Dear Tom and Ray:
I just spoke to two different tire shops and got opposite answers to the same question. The right-side tire on my pickup is wearing quicker than the left. I have radial tires. I assumed it was normal, due to the way the differential works. One tire shop told me that I should be rotating in a cross pattern, while the other tire shop said that I should be rotating only front to rear. I was always told that reversing the tire rotation caused tire separation. Which answer is correct? — Eddie
Tom: Well, neither shop gave you the advice you really needed, Eddie. They should have told you that you need a wheel alignment.
Ray: Right. A right-side tire shouldn't be wearing any differently from the one on the left side. So if it is, something's mechanically wrong, and rather than rotate your tires and chew up another (now good) one, you should get that problem diagnosed and addressed first.
Tom: Depending on whether it's the front or rear right tire and what kind of suspension you have, a single tire can go out of alignment because the frame got bent in an accident, or because one or more of the suspension parts got bent or simply wore out. So the first thing you need is a good, old-fashioned four-wheel alignment — along with whatever repairs are necessary to get the wheels to actually align.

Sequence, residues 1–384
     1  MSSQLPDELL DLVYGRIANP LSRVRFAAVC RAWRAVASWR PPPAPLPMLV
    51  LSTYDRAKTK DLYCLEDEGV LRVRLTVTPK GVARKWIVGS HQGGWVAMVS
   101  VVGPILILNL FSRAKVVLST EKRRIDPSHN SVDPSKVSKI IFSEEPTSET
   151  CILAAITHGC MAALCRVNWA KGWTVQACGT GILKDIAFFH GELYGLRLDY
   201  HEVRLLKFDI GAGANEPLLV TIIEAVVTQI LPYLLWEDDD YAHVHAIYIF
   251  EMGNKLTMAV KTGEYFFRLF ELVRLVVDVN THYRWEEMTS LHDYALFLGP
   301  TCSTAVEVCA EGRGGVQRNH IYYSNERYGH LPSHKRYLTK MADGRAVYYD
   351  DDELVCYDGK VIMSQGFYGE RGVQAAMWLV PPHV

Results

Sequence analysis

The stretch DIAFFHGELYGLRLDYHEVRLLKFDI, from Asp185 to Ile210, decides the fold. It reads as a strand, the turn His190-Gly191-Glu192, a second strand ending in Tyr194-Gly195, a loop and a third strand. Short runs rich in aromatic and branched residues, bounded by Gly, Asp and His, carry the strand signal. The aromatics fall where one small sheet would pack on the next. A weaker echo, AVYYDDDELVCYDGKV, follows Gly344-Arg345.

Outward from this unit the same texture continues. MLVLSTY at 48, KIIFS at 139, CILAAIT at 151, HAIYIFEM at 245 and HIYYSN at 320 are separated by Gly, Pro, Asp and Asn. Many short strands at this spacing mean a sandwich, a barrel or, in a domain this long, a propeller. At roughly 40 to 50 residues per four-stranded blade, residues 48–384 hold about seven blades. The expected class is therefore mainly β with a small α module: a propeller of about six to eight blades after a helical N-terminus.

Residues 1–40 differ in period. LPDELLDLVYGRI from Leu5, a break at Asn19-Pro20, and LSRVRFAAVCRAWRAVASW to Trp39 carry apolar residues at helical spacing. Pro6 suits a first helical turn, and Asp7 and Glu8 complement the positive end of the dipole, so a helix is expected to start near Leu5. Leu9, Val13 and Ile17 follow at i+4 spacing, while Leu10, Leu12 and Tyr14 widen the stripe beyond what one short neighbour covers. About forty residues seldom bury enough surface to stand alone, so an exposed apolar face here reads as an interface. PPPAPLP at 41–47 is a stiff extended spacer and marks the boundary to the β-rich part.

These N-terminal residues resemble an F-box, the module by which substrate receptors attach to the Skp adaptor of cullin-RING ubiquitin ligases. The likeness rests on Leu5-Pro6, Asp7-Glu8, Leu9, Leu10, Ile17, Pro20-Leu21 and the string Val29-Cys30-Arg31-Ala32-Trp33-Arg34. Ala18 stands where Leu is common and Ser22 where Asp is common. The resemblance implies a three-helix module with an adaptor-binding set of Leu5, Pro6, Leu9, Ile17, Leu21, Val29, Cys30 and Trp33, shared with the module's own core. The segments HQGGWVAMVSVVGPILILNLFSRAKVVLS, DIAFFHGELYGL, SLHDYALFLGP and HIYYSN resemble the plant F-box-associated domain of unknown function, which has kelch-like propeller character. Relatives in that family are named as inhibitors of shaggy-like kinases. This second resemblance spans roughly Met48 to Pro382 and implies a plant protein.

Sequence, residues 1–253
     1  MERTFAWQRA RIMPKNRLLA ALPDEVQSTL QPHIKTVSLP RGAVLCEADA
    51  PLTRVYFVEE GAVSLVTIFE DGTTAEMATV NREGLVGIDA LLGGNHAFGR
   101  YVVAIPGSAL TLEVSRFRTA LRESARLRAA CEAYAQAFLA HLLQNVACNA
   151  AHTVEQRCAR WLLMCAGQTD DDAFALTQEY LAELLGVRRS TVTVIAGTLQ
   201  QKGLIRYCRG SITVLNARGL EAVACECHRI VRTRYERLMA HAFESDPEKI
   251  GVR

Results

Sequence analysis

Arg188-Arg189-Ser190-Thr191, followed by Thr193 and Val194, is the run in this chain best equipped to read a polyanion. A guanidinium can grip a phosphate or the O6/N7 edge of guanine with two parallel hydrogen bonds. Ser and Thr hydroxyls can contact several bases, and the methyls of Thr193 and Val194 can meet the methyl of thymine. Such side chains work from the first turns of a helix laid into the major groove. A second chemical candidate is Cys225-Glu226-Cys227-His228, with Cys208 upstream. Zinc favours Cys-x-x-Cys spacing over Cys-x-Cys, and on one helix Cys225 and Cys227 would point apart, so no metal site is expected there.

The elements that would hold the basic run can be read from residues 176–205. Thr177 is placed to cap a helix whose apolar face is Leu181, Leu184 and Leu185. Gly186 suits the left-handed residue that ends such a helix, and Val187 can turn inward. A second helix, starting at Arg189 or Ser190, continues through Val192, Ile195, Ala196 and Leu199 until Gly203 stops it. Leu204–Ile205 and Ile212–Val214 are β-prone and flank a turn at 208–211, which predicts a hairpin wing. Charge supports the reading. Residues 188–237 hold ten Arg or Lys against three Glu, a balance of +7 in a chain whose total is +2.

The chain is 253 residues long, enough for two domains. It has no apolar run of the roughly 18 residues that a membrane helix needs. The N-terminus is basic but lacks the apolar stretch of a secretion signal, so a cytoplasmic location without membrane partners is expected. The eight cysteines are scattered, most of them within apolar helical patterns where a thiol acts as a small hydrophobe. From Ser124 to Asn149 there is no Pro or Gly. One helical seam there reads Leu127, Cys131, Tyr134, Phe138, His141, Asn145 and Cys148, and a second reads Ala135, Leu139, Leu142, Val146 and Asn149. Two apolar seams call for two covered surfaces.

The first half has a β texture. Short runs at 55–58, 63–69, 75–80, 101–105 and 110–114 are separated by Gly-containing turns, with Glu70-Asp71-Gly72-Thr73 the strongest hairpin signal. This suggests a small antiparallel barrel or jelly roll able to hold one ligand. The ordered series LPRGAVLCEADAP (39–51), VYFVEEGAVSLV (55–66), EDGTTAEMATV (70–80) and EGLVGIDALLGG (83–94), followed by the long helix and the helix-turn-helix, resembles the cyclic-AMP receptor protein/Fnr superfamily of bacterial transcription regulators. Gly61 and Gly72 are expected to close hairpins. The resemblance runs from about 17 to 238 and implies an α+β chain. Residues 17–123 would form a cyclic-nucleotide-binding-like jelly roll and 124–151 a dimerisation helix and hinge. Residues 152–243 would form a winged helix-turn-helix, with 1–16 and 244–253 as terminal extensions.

Ray: Then, once your truck is properly aligned, you can absolutely cross the tires. You can cross all of them in an "X" pattern, or you can cross just the two you move to the front. Or cross just the two that you move to the rear. If you have a full-size spare, you can add that into the rotation, cross three of them, put the spare on the right rear and toss the leftover tire in the trunk. Your options are limited only by your talent for origami and your ability to count.
Tom: There are a few exceptions. You can cross the tires only if you have the same size tires on all four wheels. If you have a muscle car, for instance, in which your rear wheels and tires are larger than your fronts, obviously, you can rotate only from side to side.
Ray: And if you have directional tires (some high-performance tires have treads that are designed to go only in one direction), you can rotate only front to back on the same side.
Tom: But for most people, tires can and should be crossed when they're rotated to even out the wear patterns and the pace at which they wear out.
(Car Talk is a nationally syndicated column by automotive experts (and brothers) Tom and Ray Magliozzi. Write to them at the Car Talk website.)